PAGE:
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June 2013 Archives

Federal employees could be fired for silence?

In the ongoing Internal Revenue Service "scandal," one IRS official, Lois Lerner, refused to answer questions in front of a Congressional committee. More precisely, she invoked her Fifth Amendment right to refuse to answer questions that could be self-incriminating. A representative decided this should not be allowed, and has proposed legislation that would make invoking the Fifth Amendment grounds for immediate termination of any federal employee.

MSPB still expecting potential increase furlough appeals

The sequester and government agency furloughs may have dropped from the headlines, as the cable news cycle goes after the IRS and NSA stories, but the affects of the furlough are still moving throughout the federal agencies, and the legal actions resulting from those furloughs are beginning to enter the legal process.

OSHA whistleblower receives $820,000 settlement in job dispute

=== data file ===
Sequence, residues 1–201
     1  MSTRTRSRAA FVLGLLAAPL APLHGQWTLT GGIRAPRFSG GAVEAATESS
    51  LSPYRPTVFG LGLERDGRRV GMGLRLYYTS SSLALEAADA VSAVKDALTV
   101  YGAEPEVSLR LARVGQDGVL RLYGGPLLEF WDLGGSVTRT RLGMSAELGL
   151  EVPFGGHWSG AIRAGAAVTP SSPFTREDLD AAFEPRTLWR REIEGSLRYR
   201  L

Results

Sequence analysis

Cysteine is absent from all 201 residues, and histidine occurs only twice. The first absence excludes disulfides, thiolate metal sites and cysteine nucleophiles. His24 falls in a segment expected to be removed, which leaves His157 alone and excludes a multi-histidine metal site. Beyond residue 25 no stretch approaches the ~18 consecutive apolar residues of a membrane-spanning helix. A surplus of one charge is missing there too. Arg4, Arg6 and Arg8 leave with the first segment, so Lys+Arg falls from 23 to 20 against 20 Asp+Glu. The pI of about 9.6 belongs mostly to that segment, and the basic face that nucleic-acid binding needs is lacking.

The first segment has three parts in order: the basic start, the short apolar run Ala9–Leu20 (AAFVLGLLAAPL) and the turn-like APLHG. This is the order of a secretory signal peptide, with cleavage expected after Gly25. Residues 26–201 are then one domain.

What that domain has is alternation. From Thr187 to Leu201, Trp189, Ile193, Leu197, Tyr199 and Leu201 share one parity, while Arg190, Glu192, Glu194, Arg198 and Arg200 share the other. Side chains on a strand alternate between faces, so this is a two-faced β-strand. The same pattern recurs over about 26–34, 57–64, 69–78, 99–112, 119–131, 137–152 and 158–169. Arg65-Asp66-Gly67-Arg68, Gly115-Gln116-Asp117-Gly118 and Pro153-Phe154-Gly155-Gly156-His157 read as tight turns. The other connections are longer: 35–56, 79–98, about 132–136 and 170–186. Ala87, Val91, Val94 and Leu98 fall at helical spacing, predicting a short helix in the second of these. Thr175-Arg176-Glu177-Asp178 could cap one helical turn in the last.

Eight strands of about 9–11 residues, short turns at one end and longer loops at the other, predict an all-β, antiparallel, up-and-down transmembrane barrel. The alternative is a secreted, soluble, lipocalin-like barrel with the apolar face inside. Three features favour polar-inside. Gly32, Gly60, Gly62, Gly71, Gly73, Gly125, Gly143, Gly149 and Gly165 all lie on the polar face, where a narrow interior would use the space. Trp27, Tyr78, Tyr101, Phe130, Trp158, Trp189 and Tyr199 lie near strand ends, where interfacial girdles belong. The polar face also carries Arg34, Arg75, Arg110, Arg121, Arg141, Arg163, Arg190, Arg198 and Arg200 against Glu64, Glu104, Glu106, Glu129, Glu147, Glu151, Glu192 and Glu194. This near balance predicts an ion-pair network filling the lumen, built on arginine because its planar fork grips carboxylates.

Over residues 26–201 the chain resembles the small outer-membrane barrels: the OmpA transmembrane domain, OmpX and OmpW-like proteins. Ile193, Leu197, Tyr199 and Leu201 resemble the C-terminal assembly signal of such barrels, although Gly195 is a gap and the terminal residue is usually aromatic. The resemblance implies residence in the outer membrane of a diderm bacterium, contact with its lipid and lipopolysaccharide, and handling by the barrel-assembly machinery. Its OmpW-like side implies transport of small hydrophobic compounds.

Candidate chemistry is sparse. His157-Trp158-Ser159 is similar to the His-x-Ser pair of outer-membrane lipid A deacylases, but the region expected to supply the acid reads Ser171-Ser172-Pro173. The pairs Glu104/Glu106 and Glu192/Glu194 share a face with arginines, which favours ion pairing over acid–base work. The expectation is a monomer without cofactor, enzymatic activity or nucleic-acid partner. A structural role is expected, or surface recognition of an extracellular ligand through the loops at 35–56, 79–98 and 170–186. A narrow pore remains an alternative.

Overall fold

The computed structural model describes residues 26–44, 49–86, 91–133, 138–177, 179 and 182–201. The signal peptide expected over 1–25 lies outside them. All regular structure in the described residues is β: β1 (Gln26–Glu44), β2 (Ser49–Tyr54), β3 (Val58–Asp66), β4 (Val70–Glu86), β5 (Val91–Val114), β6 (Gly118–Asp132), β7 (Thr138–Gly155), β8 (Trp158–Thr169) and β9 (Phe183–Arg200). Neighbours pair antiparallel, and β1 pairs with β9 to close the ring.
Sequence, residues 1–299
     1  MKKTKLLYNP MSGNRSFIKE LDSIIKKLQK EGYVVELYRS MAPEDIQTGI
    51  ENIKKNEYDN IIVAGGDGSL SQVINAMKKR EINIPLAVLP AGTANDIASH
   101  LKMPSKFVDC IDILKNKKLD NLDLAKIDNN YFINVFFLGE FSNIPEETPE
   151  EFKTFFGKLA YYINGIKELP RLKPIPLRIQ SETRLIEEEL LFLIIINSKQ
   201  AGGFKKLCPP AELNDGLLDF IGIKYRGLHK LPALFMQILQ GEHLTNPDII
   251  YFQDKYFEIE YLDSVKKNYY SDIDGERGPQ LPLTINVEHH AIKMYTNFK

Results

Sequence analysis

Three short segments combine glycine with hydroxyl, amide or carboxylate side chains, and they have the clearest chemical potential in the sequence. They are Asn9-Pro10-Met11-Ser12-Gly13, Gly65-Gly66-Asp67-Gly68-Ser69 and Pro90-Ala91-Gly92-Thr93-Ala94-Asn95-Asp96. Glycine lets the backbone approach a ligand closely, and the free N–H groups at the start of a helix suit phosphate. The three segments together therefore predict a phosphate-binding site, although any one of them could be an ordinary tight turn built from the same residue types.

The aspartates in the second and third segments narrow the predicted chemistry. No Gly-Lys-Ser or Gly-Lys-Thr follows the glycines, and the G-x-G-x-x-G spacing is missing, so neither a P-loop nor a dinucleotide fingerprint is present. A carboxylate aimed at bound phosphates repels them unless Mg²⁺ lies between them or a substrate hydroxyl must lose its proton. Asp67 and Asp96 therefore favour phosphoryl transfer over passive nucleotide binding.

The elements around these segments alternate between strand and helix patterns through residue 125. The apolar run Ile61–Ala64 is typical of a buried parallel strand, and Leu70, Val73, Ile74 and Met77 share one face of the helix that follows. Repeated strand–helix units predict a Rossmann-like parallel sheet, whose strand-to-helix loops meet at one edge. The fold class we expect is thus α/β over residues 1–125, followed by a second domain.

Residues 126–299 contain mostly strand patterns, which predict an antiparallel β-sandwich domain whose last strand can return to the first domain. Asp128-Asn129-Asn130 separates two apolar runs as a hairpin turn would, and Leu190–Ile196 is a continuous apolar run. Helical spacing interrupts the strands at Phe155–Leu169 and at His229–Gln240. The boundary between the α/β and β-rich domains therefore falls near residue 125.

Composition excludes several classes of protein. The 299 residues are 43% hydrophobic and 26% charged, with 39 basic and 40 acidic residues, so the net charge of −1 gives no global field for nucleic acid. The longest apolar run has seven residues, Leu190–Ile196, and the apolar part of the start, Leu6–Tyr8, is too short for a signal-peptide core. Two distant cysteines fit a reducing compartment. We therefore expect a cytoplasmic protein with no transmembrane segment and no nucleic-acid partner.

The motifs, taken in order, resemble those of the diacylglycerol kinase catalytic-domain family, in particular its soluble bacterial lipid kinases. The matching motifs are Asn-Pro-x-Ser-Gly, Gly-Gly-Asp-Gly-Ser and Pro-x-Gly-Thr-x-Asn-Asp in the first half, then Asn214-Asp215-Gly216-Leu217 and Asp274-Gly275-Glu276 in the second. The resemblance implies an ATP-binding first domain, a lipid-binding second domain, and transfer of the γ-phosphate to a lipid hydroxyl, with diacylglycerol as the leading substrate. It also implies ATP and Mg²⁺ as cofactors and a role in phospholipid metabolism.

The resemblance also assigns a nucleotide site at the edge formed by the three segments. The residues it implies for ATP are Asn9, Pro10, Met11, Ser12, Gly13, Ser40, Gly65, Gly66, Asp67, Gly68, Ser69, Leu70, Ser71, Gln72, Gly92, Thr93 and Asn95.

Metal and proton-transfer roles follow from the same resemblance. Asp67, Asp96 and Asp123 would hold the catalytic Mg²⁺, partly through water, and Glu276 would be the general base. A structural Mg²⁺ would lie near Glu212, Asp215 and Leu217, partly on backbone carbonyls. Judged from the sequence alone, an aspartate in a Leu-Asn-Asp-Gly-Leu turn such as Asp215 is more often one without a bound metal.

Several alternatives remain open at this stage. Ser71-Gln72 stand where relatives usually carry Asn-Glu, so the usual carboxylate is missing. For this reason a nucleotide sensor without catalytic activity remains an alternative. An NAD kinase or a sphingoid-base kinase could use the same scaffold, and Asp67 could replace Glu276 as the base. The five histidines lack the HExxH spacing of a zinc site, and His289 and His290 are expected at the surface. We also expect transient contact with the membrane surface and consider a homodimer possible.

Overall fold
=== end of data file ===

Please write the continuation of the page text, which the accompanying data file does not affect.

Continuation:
The U.S. Department of Labor’s Occupational Safety and Health Administration (OHSA) is responsible for enforcing many of the nation's laws governing workplace safety. One of their duties involves the collection of workplace injury reports from industry. A man who was responsible for that department at OSHA was fired for disruptive workplace behavior in 2007. He was a 25-year veteran of the agency, and had been known for his outspoken criticism of the agency's failure to adequately deal with the underreporting of injuries.

Retirements could add to stress for federal employees

The federal government is expecting a significant increase in the number of retirements it will see as the baby boom generation of workers ends their careers. This creates a number of challenges for many agencies. They will both lose line employees and subject matter experts and along with those employees, the supervisors and managers will be retiring in increased numbers.

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